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Catholic Northwest Progress
Seattle, Washington
April 16, 1965     Catholic Northwest Progress
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April 16, 1965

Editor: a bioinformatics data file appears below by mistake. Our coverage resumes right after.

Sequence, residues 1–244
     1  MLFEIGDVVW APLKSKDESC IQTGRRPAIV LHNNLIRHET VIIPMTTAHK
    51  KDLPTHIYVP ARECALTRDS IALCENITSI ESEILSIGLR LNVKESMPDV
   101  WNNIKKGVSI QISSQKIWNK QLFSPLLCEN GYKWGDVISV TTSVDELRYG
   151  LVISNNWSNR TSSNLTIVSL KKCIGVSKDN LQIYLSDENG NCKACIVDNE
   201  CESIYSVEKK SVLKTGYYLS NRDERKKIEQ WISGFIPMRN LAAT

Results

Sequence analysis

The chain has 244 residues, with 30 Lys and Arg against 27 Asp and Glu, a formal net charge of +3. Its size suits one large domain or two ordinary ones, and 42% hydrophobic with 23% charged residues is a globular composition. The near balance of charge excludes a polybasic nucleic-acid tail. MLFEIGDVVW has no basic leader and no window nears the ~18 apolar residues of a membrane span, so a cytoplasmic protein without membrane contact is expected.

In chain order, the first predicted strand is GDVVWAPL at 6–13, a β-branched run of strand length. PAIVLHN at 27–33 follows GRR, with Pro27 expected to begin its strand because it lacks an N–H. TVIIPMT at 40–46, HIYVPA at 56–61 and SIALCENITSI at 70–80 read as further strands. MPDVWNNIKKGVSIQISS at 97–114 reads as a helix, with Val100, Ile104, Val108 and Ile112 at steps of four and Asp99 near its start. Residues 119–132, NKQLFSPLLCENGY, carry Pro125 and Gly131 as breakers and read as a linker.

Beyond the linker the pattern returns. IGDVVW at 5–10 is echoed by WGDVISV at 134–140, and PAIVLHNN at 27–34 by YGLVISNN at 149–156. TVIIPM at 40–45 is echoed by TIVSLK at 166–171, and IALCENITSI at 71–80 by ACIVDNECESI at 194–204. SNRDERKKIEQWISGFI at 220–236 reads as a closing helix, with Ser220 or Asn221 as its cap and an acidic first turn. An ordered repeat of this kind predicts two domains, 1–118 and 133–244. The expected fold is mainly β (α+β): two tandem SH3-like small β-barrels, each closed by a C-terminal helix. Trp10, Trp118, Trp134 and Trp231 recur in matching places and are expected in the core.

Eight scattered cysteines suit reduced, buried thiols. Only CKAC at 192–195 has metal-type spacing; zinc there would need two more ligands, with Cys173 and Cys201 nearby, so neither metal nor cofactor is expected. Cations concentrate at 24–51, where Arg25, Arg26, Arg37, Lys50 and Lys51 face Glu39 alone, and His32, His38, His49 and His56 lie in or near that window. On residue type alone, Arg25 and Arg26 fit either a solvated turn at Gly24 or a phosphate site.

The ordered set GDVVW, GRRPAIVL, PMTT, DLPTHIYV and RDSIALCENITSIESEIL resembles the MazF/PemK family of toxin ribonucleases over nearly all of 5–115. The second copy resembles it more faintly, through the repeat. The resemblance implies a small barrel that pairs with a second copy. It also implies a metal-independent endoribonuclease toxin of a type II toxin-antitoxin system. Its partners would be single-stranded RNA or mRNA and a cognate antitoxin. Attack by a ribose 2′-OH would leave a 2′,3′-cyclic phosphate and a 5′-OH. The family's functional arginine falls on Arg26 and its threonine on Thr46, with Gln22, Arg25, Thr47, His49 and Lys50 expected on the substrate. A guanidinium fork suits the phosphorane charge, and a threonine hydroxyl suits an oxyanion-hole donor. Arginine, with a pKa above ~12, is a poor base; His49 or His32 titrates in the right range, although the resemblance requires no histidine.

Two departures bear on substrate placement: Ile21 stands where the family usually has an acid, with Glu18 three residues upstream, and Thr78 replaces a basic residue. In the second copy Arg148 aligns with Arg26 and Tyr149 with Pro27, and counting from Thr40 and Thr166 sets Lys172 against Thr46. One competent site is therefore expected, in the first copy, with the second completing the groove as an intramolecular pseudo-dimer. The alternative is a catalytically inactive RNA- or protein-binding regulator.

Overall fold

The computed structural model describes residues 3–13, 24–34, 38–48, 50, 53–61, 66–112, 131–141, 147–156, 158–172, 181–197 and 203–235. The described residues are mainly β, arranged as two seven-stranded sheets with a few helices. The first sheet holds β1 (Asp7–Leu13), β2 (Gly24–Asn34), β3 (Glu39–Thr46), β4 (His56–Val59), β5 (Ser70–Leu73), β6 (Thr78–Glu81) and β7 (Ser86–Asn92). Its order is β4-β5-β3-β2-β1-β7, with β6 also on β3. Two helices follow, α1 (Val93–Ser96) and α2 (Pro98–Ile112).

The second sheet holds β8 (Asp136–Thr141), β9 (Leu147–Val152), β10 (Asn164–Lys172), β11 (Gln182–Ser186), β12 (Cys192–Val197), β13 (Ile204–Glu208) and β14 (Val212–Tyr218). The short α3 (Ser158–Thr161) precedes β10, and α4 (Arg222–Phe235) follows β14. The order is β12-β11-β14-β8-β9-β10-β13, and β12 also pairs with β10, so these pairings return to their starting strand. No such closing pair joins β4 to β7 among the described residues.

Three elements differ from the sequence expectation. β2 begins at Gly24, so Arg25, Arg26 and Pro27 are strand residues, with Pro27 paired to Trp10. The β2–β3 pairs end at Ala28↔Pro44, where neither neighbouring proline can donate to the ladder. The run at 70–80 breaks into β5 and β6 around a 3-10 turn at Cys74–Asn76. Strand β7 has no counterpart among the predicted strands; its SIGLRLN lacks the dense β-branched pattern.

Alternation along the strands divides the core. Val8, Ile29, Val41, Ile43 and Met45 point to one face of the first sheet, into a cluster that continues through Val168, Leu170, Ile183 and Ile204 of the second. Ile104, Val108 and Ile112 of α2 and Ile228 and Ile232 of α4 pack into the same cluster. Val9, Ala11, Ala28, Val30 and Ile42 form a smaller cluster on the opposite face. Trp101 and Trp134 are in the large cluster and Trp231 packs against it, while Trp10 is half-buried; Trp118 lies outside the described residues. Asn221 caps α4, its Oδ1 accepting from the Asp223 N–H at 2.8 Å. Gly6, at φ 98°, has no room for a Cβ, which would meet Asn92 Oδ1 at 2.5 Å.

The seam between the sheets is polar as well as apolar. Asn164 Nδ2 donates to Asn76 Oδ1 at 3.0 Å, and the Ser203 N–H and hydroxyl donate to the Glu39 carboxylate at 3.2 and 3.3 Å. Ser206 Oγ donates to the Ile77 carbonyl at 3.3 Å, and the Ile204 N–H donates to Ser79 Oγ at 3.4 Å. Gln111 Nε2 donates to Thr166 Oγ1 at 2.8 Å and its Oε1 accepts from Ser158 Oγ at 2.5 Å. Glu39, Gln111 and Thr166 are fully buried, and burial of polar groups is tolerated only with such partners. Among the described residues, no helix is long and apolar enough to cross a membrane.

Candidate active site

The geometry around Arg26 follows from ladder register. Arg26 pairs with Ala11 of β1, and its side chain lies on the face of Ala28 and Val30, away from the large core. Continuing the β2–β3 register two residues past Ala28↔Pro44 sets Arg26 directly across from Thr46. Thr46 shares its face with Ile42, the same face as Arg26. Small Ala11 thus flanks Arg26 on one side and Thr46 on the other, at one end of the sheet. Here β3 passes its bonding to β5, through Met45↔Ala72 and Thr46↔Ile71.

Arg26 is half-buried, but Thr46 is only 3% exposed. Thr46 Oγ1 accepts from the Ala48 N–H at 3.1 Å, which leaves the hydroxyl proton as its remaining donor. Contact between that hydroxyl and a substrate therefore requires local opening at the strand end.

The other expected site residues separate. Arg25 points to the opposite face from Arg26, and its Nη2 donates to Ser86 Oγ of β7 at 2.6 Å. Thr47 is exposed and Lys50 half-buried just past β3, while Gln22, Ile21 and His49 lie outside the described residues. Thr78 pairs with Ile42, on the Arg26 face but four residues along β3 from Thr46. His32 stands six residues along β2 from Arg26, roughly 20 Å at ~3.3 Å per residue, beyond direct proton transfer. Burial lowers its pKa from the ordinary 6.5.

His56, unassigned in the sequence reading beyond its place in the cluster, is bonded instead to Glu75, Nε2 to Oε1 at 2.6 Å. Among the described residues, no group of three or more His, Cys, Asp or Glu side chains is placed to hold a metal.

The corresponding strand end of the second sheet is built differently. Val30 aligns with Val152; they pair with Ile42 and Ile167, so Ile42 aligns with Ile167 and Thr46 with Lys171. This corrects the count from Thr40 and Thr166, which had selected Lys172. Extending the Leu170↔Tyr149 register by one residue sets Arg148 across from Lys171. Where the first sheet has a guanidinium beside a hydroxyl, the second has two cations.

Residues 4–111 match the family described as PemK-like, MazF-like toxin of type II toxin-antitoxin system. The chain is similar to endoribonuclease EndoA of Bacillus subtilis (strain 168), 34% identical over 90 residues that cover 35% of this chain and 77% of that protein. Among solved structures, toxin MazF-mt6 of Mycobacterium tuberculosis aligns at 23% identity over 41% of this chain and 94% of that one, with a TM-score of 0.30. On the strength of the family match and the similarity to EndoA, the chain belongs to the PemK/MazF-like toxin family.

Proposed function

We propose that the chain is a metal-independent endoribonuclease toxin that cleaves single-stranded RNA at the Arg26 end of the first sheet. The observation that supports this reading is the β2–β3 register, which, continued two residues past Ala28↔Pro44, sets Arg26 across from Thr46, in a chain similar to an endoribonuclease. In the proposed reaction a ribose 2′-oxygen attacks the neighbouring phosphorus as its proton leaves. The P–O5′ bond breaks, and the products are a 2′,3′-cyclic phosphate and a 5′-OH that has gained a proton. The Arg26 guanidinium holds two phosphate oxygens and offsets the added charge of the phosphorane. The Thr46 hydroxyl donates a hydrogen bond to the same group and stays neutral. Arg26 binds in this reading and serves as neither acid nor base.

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Caholic Day Se00: F,id00y ;00pr, ,9600 PROGRESS--3 Bishop.Gill to .Attend Official 00ern Hospitals Slate Meet Happy Easter[ Dearly Beloved in Christ: Administrators and ex- lenhorg will give the invocation, guest speaker at the luncheon vention o,f Western Hospitals Chaplains' Session May the Risen Saviour bring to you and your loved ones on Eastern Morn peace, happiness and true spiritual contentment. "This is the day that the Lord hath made; let us be glad and rejoice therein." Thus does the gradual of the Easter Mass give the key to this day on which we celebrate the Feast of our Divine Saviour's Res- urrection. Easter is indeed a day for joy, inspired by faith triumphant for our Redeemer overcame sin and death by His Passion, Death and Resurrection and thus reopened for fallen man the gates of heaven. I hope that you have all spent some hours of quiet contemplation on these great mysteries during this past week. You may have well heard in your mind the special appeal that our Saviour makes to us during these sorrowful days. His revelation is a lamp to our feet and a light to our path; His mercy, a refuge in our sinfulness; His promise and resur- rection a hope of better things. However, the immediate and ever-present ap- peals of sense win us as they win unreasoning chil- dren. Our vision of faith sees but dimly, if at all, the eternal truths that lie beyond. Nor can we see them unless we look and look most intently. Unless we do that, they will not become real to us. They will have little or no influence upon our conduct. And so, neither we nor the people we contact in the relationships of life, will be spiritualized by the col- orless quality of our Christian profession. And, yet, Our Lord's cause in the world depends upon us. He will always have His enemies. Unless He can depend upon us, His friends, His interests here will surely fail. We are His friends; and personal holiness should be our constant equipment in His service. Through such ministrations alone is the world bet- tered and its men and women saved. "What could I have done more for Thee that I have not done?" The rest waits upon us to do. We cannot, we must not, we shall not fail Him. Easter is a day of dedication as well as a day of joy. He entrusted His message to those who loved Him. He made them the witnesses of His Resurrection to the world. He sent them forth to teach all nations, to preach fo all men everywhere in the name of Christ, crucified and risen from the dead. They were to be Christians in action and in their hands was to rest the task of changing the world. Ecumenical Council or no Ecumenical Council, the task Our Lord gave to those who follow Him is the same today as it was in the beginning of the Christian Era. Everyone who claims to love Him and to try to follow Him is by this very fact His witness to the world. The empty tomb of the Risen Christ is a constant reminder of our vocation and our destiny. He has gone but His work continues in. us. His cause is in our hands, as I have said. It falls or it stands, it succeeds or it fails, depending upon our efforts. Our destiny, then, today and every day is to be that image of Christ to the world about us. St. Paul expresses this thought beautifully when he tells his converts that they must be imitators of him even as he is of Christ. Let that be our unending task. , A happy and blessed Easter to all of you. Devotedly yours in Christ, / Archbishop of Seattle f April 16, 1965 Holy Sdturday Abstinence By virtue of special faculties, the Most Reverend Archbishop dispenses the faithful of the Archdiocese from the observance of abstinence on Holy Saturday, April 17. It is still a day of fast. Thus, for those obliged to fast (ages 21-59), meat is permitted on|y at the principal meal. Easter Collection For Ecclesiastical Students The annual collection for the education of our young men for the Holy Priesthood is to be taken up at all the Masses on Easter Sunday in all parish and mission churches and in the chapels of institutions. The total proceeds of the Easter collection are to be remitted to The Chancery as soon as possible. Holy Saturday The Solemn Paschal Vigil will be Celebrated at a fitting and convenient hour to allow the Solemn Mass to begin at midnight. The obligation of hearing Mass on Sunday is ful- filled by those who attend this Midnight Mass. The faithful who desire to receive Holy Com- munion at this Midnight Mass must fast for one hour from all food and drink. The taking of water does not break the Eucharistic fast. For the clergy and faith- ful, the hour is reckoned from the actual time of receiving Holy Communion. Those who receive Holy Communion at the Mid- night Mass may receive Holy Communion again at another Mass later in the day. Holy Communion can be gven only during or immediately following the Solemn Mass at midnight. The sole exception is made for Holy Viaticum for the sick in danger of death. All priests of the Archdiocese who celebrate the Solemn Mass of the Easter Vgil at midnight may binate and even trinate on Easter Sunday. THE CHANCERY By Order of the Most Reverend Archbishop April 16, 1965 Cursillo Schedule Seattle, April 8zll- Men St. Louise's, Seattle Longview, April 22-25- Men St. Rose's Seattle, April 29-May 2- Women Sacred Heart Church Yelm, May 20-28- Women Seattle, May 28-31--Men Seattle, June 17-20- Men Yelm, June 17-20--Men Seattle, July 8-11- Women Yelm, July 29-Aug. 1- Men Yeim, Aug. 12-15- Women Vancouver, Wash., Sept. 15-19- Men Lay Retreat Schedule The Palisades (Men's Retreat House) April 23, 24, 25 St. Anthony, Kent St. Brendan, Bothell April 30 -- May 1, 2, 7, 8, 9 St. Anthony, Renton St. Francis, Cowlitz Prairie ngle Men, 215 Visitation Retreat (Women's Retreat House) April 28, 24, 25 St. Catherine, Seattle Sacred Heart, Tacoma April 30 -- May 1, 2 St.F_Award, Seattle ecutives of Catholic hos- pitals of the 12 Western States of the United States of America will attend the 35th annual convention of Western Hospitals to be held April 25-29 at the Olympic Hotel, Seattle. Catholic Hospital Day of the convention, April 25 will open with Holy Mass at 9:15 am at St. James Cathedral, Seattle. The Most Reverend Thomas E. Gill, Auxiliary Bishop of Seat- fie, will be celebrant. Father Lawrence M. Willen- borg, director of hospitals for the Archdiocese of Seattle, will give the sermon. Meetings will open at 11 am in the Williamsburg room of the Olympic Hotel. Father Wil- Sister Gertrude of Provi- dence, convention chairman president of the Catholic Con- ference of Washington State Hospital Association and Ad- ministrator o f Providence Hospital, Seattle, will preside and give the welcome. The keynote address, "Phil- osophy of the Catholic Hospitals in the Light of the Ecumenical Council," will be given by Father John J. Flanigan SJ of St. Louis, Me., executive direc- tor of the Catholic Hospital As- sociation of the United States and Canada. Monsignor Harrold A. Murray of Washington DC, director of the Bureau of Health and Hos- pitals and the National Catho- lic Welfare Conference, will be will be a panel discussion, "Professional or Rdligious?" led by Father Merwyn Nuxol, pastor of Sacred Heart Church, Emmett, Idaho. Catholic Hospitals of the 12 Western States will sponsor an exhibit at the Exhibition Hall of the Seattle Center daily during the Convention. Admission to all sessions and the exhibit requires registra- tion, $2, for all hospital person- nel and people from related fields except student nurses. student dietitians, intern and in the Regents Room of the hotel. Invitation is extended by at the Convention of Western Hospitals to Sisters to be their guests at luncheon. Presiding at the afternoon sessions will be Sister Mary Fidelis OP, president-elect of the Washington State Hos- pital Association and admin- istrator of St. Joseph's Hos- pital, Aberdeen, Washington. "Effective Use of Lay Execu- tives on Religious Governing Boards" will be discussed by Charles Berry of St. Louis, Me., associate director of the representatives frord firms ex- Catholic Hospital Association of hibiting. Non-exhibiting firm the United States and Canada. representatives are not eligible Closing event of Catholic for entry to exhibit or meet Hospital Day of the 1965 Con- lugs. Spearheading Cancer Crusade Mr. and Mrs. William Riley of Bellevue are per- sonally committed to the American Cancer Society's an- nual April Crusade Tuesday April 20 in Seattle and through- out King County. Nine years ago, William Riley's brother died from Hodg- kin's disease, a form of cancer. He was 27 years old and the godfather of one of the Riley children. Riley is serving his second year as president of the King County Unit of the Society and before that he held the post of treasurer for four years. Mrs. Riley is a Bellevue area chair- man for Lake Hills and Wood- ridge and she is a former sword bearer. Next Tuesday under the di- rection of Riley, hundreds of o t h e r dedicated volunteers whose own lives or those of relatives have been touched by the disease, will visit every home in Seattle and King County. These sword bearers will distribtte literature that could save your life and they will ask for a contribution to further the three-pronged goals of the Society: education, re- search and service to cancer patients. The King County Unit cen- ducts a year-round program geared to educate people in in- dustry, organizations a n d schools. "In one large Seattle firm," Riley said. "We showed the film and the audience later asked the speaker, a physician, questions." A few months later, a woman who had been in the audience wrote to the King County Unit saying that she had decided to have a check-up by her physician after hearing the ACS lecture. "Her physician discovered a malignant tumor," Riley said. Early detection and prompt treatment may well save her life." Annual check- ups by a physician are the paramount point stressed in all American Cancer Society literature. The King County Unit's Medi- cal_ Speakers Bureau includes 20 Seattle physicians who talk to about 60 groups a year. They are interested and willing to talk to any group, Riley said. A team of four physicians ad- dress editors and assistant edi- tors at meetings throughout the MR. AND MRS. WILLIAM RILEY year, mainly on the effects of smoking. These editors of school newspapers are also given ad- ditional educational material so that they can write their own articles. Information is also given in classroom and library kits for high school students' use as well as in workshops for teachers, "More people are alive today, cured of cancer than prior to the mass educational program," Riley reported. He said these statistics are based on a ratio of people to people so the re- sults are not due to population growth. "Seattle is known nationally for the cancer research being conducted at Seattle University, the University of Washington and Children's Orthopedic Hos- pital," Riley said. The Society has contributed almost 1.75 mil- lion dollars to these Seattle research centers. The King County Unit maim rains an information center to tell cancer patients what help they may receive from the So- ciety or other organizations. Patients may also receive auto transportation to treatment cen- ters as well as the use of items from the Loan Closet and band- ages and dressings. In addition, the Unit has an The Most Reverend Thomas E. Gill, Auxiliary Bishop, will be guest of the 35th Annual Ccnvention of Western Hospi- tals at the Catholic Chaplains Section luncheon Tuesday, April 27 at the Olympic Hotel. Fifty Catholic chaplains am expected to attend the Conven- tion to be held April 25-29 in Seattle. Father John A. Rice, chap- lain of Fircrest School and Firland Sanatorium, Seattle, will be chairman of the Chap- lains Section and will preside at the Chaplains S e e t i o n meetings Tuesday, April 27, and Wednesday, April 28, in the Colonial Room of the Olympie Hotel. Moderator will be Father Flavain Ward, OFM, chaplain of St. Joseph's Hospital, San Francisco, Calif. "Professional or Time-Serv- er" (Role of the Chaplain as a Professional Member of the Healing Team) will be the ad- dress given by Miss Grace Gould RN, Supervisor of Psy- chiatric Nursing, Division of Mental Health, Seattle. Father Merwyn Nuxell, pas- tor of Sacred Heart Church, Emmett, Idaho, will be heard during the morning session. Moderator of the afternoon ........................... session will be Father Michael Schmitt, chaplain of the North- ern State Hospital, Sedro Wool- ley. "The H i d d e n Candle," will be the address by Father American Cancer Society pool at the King County Blood Bank and contributes financi- ally to the Seattle- King County Visiting Nurse Service, Riley said. "Next Tiaesday," Riley said, "we ask everyone to fight can- cer with a cheek and a check- up. Many people die from can- cer today because they do not have the annual health check- up which can usually reveal the disease when it is early and most curable. While research- ers are trying to find a per- manent answer we can protect ourselves and our families in this way." Bremerton Pupils Veto Smoking TO SMOKE or not to smoke---that is the question before young delegates of Our Lady, Star of the Sea Grade School, Bremerton, at a recent conference which emphasis. ed the dangers of smoking. Doctors and athletes joined schools of the area in evaluat- ing the problems and hazards of smoking. be put in the proven cate- gory." Q: Why shouldn't athletes smoke? Dr. Carter: "Athletes need all their lung capacity." Q: Is there a safe number of cigarets one can smoke? Dr. Larson: "No ... Dan- ger increases with the amount smoked." Q: Will it shorten your life? Dr. L a r s o n: "One hun- dred per cent, if it gets you." Delegates carried the cam- paign to their classrooms. Star of Sea delegates Chris Wash- ington, Menica Parmele, and Jeanne Wocher conducted a panel discussion for the Eighth Grade Civics Club. Other Star of Sea delegates rep0vting in their classrooms on the dangers of smoking among young people were: Pat Smith, Charles Stone, Marcella Boyle, Mary Beatty, and Stephen Thatcher. The Conference was endorsed by Governor Daniel Evans who is quoted in the brochure as saving: "I think it's a very fine campaign and I hope you suc- ceed." Other endorsers of the Campaign were Glenn K. Jar- stad, Mayor of Bremerton; C. W. Biedel, MD, President Kit- sap Co. Medical Society; Fred N. Graham, Principal West Chaplains Section Wednesday, April 28. will be Father Frank Weber, chaplain of the Metro- politan State Hospital, Nor- walk, Calif. "Chaplain: Potential Patient" --Chaplain's Mental and Physi- cal Health--will be the title of a panel discussion. Participants will be A. M. Hurley MD, Psy- chiatry, Seattle, and John T. Wiegenstein MD, Internal Medi- cine, Seattle. The Catholic chaplains Sec- tion of the Convention will dose with election of officers, Allan Amirault, c h a p I a i n Eastern State Hospital, Medi- cal Lake, Washington. Moderator of the Catholic BREMERTON--Star of Sea Grade School delegates dis- cussed with students from other Bremerton schools the harmful effects of smoking, and en- deavored to discover means of combatting smoking habits in young people at a /ecent con- ference, part of a week-long campaign at West High School to make students aware of the dangers to health inherent in smoking. Steve Bramwell, Uni- versity of Washington halfback moderated the discusien. Posters satirizing false ad- vertisments on smoking were a feature of the conference. "Relax, it's Springtime," one poster read. Depicted was a dead man in a coffin. Another poster urged readers to "Join the Unswitchables." Featured was a hill heavy with tomb- stones. On a third poster tomb- stones marked the final resting places of "Luck'y Strike" and "Chester Field." A display urged readers to "Come to Marlboro Comtry. "The picture showed a train going under a hill full of crosses made of crossed cigarettes. "Our main objective in this campaign is to prevent people from being misled by false ad- vertisement concerning smok- ing," said Larry Thatcher, Stu- dent Director of the campaign, and graduate of Star of Sea Grade School. The Coference was span- sored for students of grades 5 through 1 and their parents. A radio panel on health haz- ards of smoking preceded the committee discussion. Radio panelists were Drs. James Car- ter, George F. Asbury and S. Manning Larson; and students including Barbara Fowler, Mike Matlock, Pare Muller, Larry Thatcher and John Sitten. Listening in the in-person audience in the Science Addi- tion of the school were more than 100 parsons, including stu- dents from the city's high schools and junior highs as well as from Seventh-Day Ad- ventist and Star of Sea School, and city and navy officials. The discussion was broadcast to other classrooms and to homes on radio sthtion KBRO. Some of the questions and an- swers were: Q: Is there one kind of cig- aret more damaging than an- other? A: All cigarets are harmful and the more you smoke the more harmful they are. Q: Do cigarets really cause lung cancer? Dr. Asbury: "There cannot any longer boa question of this fact. The tabulations are in . . . Seventy-five per cent or more of lung cancers are related to smoking." Q: What are the proven haz- ards of smoking? Dr: Larson: "Emphysemia, bronchitis, cancer of the larynx, cancer of the lip, can- ear of the esophagus, sclero- sis of the liver--all :these can Churchmen Ask Prayers For UN L 0 N D 0 N (NC) -- British church leaders have appealed jointly to all Christians in this country to pray and work for the principles of the United Nations. They did so in a statment signed by John Cardinal Heenan of Westminster; Archbisop Mi- chad Ramsey of Canterbury, the Anglican Primate; Dr. Dun- can Fraser, moderator of the General Assembly of the (Presbyterian) Church of Scot- land; and Dr. Eric Baker, moderator of the Free Church Federal Council. The statement, said: "With thanksgiving to At. mighty God for what has been achieved since the Charter of the United Nations was signed June 26, 194S, we call on Christian people to answer this great challenge by their service, their giving, their prayers, on behalf of all God's people for whom Christ died." The statement is contained in a pamphlet urging everyone to join the United Nations Asso- ciation and to work Articularly for peace and security, human rights and racial equality and the conquest of poverty, hanger and disease. Disarmament should be taken more seriously, it says, the accompanying risks are much less than the dangers of "an expanding arms race and the spread of nuclear war." Mary Fleming Is Anesheis00 Chairman Among laymen and women officially attend- ing the 35th Annual Con- vention of Western Hospitals to be held April 25-29 at the Olympic Hotel. Seattle, will be Miss Mary M. Fleming, CRNA of Swedish Hospital, Se- attle, who will be chairman of tbe Western State Section of the Nurse Anesthetists Section meeting to be held Monday April 26, at the Benjamin Franklin Hotel. Presiding at the noon lunch- eon of this Section's meetings will be Attilio F. Pricco CRNA of Swedish Hospital, chairman of the arrangements committee, Invocation at the luncheon will be given by Father Law- rence M. Willenborg, pastor of St. Vincent de Paul Parish, Federal Way, Seattle, and Di- rector of Hospitals for the Archdiocese of Seattle. Miss Fleming will preside at the meeting following the luncheon. Paul O'Hollaren MD, Medi. cal Director of Shadel Hos- pital, Seattle will speak on Alcoholism at the Convention meeting Wednesday, April 28 in the Oreas Room of the Benjamin Franklin Hotel, A panel discussion, "A Medi- cal Department in the School for the Retarded," will include Ralph K. Zech MD, Surgil Consultant of the Rainier School, Buckley, Washington and Fircrest School, Seattle, and Mr. Pricco, panelists. Doctor Zech, Miss Fleming and Mr. Prieeo go to Rainier School every week to give anesthetics and Dr, Zech goes to Fircrest weekly. Miss Bonnie B. Bunch CRNA, past president of the American Association of Nurse Anesthe- tists, Portland, Ore., will give the invocation at the TV break- fast meeting Thursday, April 29 at the Space Needle in the Seattle Center. Battle Bubbles Over Ho Spirng SALTO, Uruguay (NC)--lt ap- pears that a tug-of-war between the dioceee of Salto and the city's municipal government re- garding a thermal spring found on Church property is nearing an end. The two first got into hot .water back in 1962 when the spring was discovered on land used for the diocesan seminary. Public officials, with dreams of developing a watering place, wanted to expropriate the prop- erty and put up hotels and baths. Bishop Alfredo Viola of SeiZe said he was willing to donate the land as a public park, so long as it would be open to all persons and if the seminary would not be dis- turbed. The dispute had been boiling for nearly three years when it was agreed a joint committee should study both proposals and find an acceptable solu- tion. Bishop and 11 Pries Concelebrate Mass High School, and Berger Jacob- STEUBENVILLE, Ohio (NC) --Mass jointly celebrated I son, Principal Coontz Jr. High. was . . ,, Assisting the campaign were by Bishop .Tohn Kin Mussio ... and ye. sheltered Me... I ..... an  If you are interested tn Ii in e lira d 11 of hm Steubenvflle dio- the local chapter of the Cancer c . . . ot the 6ospel as = SISTER ) PROVl- [ Society which printed 10,000 esan priests at a recollection DSCe... ser;ng o, *he West CoaSt I brochures, and the Bremerton dav. ..... fnr nrito =a Ct ^.,. in .schls, hospitals, and homes... I ^t. u 1- t" .. . tt  carm$ for the s,ck, aged end poor I Sun which carried several ar- ,.urca here. A a large table ... teaching le elementary and hlqh | tides on the campaign, "IV nlaced ill the hw,h e,,,d- ..... schools.., write for haW brochure to: | ..... --- ........... ,at y Sister Elizabeth Sisters of Charity of | coverage on Channel 7 helped me lZ celebrants consecrated Providence 170{} East Cherry. Seettle, J to publicize the campaign, the same bread and dne. Wdshinton 78122. I Arrangements for Star of " , , ' Sea's participation in the Con- FINAL OFFERING... I('^UI=|R'S R|TAIL CATALOG * SNOP | terence were made by Msgr. Jo- BY MAIL FOR RELIGIOUS ARTICLES AND GIFTS! Last copies: [ seph Camerman, pastor, and write today. Next edition cannot have same postpaid offersl I Sister Virginia OP, principal. KAUFER'S. 1904 Fourth Ave., SEATTLE, WASH. 98101 (FREE J Monica Parmele, Star of Sea CATALOG). i delegate summed the confer- Name ................................... .......... ,. I ence, saying. "There was a I feeling in the air that we should Address ............ ................. ,., ........ , ..... get out and work to prevent the I smoking and to work to stop it City ........ ............. i ...... '. ............. , ..... where it has already begun."